Essential Oils Facts You May Not Know
Essential oils aren’t technically oils; that is, they do not contain the fatty acids that constitute what we would consider actual oil. Instead, they’re highly concentrated plant constituents possessing many therapeutic qualities. However, this doesn’t lessen their importance. Some consider them "the life force or the soul of the plant", or "Gift of the Earth."
Most essential oils are high in therapeutic properties, making them very suitable for cleaners, skin and body care, and emotional therapy. They also have a small molecular size, which means they are absorbed well by the skin. Adding them to your lotions and salves induces softening and nourishing. They do not accumulate in the body over time – they simply offer up their powerful properties and then pass on through.
Essential Oils vs Fragrance Oils
Aromatherapy is a terrific use of essential oils, but take note: fragrance oils and essential oils are far from one and the same. While you’re out perusing a selection, if you see the word “fragrance,” “fragrance oil” or “perfume” on the label, leave it out of your cart. It’s likely synthetic and does not have all the important, natural properties. To test your essential oil to see how “pure” it is, put a single drop of it on a piece of construction paper. If it evaporates quickly and leaves no noticeable ring, it is pure. If you have a ring left, then it is likely diluted by the manufacturer with an oil of some sort (this test will not work for myrrh, patchouli, and absolutes).
Why aren't Essential Oils used more often?
It all boils down to one thing: essential oils are all-natural and cannot be patented. Because essential oils cannot be patented, large companies will not waste money studying them. This limits our scientific knowledge of essential oils a lot, and the majority of what we know about them are things that have been passed down through thousands of years of personal use and experimentation.
Why are Essential Oils so pricey?
It’s because enormous amounts of plants are needed to produce essential oils. One of the most extreme cases is the Bulgarian rose, taking 4000 pounds of the plant to produce 1 pound of essential oil. Other plants like lavender only take 100 pounds of plant material to produce a pound of essential oil...and that's the lighter end!
Essential Oils are Powerhouses!
As such, they need to be handled with care. Some essential oils should never be used undiluted on the skin. Instead, they should be combined with called carrier oils like waxes, butters, olive, or coconut oil. Because they’re so concentrated, if you don’t dilute, you may end up with an unfortunate skin reaction.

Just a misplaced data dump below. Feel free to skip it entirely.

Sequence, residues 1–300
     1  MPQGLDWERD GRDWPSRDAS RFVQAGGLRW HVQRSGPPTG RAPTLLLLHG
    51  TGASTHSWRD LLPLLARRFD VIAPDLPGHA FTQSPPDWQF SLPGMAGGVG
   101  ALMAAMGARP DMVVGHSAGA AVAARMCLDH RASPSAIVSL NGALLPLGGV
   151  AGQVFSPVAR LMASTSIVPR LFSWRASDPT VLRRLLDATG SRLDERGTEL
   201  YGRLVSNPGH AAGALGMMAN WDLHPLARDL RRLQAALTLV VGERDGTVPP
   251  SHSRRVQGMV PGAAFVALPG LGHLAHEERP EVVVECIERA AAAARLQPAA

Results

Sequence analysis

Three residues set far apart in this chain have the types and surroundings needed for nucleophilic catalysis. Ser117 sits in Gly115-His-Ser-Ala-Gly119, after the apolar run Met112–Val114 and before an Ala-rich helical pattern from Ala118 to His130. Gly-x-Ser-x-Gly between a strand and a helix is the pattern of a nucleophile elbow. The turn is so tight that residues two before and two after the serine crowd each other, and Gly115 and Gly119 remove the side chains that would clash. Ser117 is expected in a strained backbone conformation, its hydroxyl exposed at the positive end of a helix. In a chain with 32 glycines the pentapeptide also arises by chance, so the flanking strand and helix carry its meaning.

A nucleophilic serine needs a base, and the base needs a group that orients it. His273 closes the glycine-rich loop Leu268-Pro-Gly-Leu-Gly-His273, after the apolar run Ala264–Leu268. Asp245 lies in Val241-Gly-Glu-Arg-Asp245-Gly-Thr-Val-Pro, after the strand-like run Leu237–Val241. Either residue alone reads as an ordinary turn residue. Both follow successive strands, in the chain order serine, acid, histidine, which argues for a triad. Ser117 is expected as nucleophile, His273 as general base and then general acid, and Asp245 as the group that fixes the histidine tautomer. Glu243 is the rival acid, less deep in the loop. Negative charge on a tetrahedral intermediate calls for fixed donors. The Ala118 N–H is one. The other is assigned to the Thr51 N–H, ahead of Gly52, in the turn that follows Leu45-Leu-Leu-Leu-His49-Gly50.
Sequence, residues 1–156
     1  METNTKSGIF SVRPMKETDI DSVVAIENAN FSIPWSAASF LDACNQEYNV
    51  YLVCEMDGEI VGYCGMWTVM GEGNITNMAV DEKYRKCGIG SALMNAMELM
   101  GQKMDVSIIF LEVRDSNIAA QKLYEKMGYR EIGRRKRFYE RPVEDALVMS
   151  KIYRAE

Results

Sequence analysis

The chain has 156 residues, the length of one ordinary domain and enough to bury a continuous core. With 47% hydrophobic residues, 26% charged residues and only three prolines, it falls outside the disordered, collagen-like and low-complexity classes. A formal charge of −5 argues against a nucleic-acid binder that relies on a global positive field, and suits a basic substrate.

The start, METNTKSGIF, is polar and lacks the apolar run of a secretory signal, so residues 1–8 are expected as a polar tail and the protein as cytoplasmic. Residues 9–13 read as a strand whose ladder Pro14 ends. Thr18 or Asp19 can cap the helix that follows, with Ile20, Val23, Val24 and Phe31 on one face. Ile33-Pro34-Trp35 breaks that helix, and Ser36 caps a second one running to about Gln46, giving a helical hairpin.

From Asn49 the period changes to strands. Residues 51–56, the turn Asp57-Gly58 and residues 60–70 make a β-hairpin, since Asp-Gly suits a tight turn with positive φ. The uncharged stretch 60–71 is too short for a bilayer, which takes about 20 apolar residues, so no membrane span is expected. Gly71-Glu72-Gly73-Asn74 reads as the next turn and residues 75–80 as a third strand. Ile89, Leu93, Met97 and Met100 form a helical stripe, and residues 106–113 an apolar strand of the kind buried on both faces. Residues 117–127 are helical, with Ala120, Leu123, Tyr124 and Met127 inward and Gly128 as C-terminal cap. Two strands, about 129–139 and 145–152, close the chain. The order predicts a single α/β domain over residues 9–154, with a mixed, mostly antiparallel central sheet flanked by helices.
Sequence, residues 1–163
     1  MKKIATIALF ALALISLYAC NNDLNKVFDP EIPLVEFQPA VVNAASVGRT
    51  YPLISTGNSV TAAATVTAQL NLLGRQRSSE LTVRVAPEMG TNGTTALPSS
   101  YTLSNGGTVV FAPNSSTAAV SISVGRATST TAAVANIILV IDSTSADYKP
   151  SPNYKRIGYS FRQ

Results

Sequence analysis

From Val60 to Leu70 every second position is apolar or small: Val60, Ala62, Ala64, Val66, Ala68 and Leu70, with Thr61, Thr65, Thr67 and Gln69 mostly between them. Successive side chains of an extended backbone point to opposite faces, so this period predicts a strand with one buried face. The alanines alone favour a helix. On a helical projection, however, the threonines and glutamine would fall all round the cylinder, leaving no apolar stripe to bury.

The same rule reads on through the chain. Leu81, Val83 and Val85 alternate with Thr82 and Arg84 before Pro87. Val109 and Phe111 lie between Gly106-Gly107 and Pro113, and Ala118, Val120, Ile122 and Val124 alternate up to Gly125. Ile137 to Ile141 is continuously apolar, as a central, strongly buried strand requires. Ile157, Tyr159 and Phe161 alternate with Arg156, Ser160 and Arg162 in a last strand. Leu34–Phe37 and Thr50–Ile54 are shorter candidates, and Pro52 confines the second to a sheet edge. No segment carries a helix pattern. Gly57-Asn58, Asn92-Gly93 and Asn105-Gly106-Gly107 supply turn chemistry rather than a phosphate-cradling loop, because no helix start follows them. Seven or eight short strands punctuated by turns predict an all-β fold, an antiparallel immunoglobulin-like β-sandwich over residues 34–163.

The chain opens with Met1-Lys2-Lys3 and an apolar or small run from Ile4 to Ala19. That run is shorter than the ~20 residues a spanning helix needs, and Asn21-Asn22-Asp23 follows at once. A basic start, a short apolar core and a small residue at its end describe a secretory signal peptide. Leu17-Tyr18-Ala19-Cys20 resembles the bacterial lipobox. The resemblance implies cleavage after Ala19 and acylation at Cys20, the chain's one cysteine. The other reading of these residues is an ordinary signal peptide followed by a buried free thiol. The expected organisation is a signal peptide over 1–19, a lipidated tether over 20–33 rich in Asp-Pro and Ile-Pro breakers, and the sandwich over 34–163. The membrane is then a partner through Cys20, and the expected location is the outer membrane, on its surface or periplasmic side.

Never use an undiluted Essential Oil on a baby or child
Children have much thinner, more delicate skin than adults have, and tend to be very sensitive to the potency of essential oils. In fact, even if you do use essential oil in a recipe for children, only use half of the essential oil recommended in the recipe. Being smaller bodied, that's all they need anyways.
Test if you’re Sensitive to an Essential Oil
Combine one drop of essential oil with 1/2 tsp carrier oil (like olive, jojoba, or sweet almond). Rub this on the inside, upper portion of your arm and wait a few hours. If no redness or itching develops, you’re most likely not sensitive to that essential oil. Still, keep an eye on your skin and proceed cautiously.
Can Essential Oils be taken Internally?
Essential Oils can be toxic internally. Oils not recommended for internal use are arborvitae, birch, cedarwood, cypress, douglas fir, eucalyptus, wintergreen and white fir. Some essential oils may be used well-diluted in toothpaste since you're spitting it out. In fact, there are some toxic essential oils that should be avoided even through skin contact. Luckily, these are not common essential oils, and most of them you’ll never find in a store or online.
How Long will Essential Oils Last?
Essential oils will last for at least 5 years (if not 10), so one bottle could literally last you half a decade. Keep this in mind when you're eyeing the price tags on some essential oils. Because they are incredibly concentrated and only a tiny amount is needed in anything you do, you can make them last a very, very long time. The only exception to this rule is citrus oils, which will see a reduction in potency after a year or two.
How to Store Essential Oils?
Keep your essential oils in dark glass bottles (which they were probably packaged in) and out of direct sunlight. This will help them stay stronger for longer.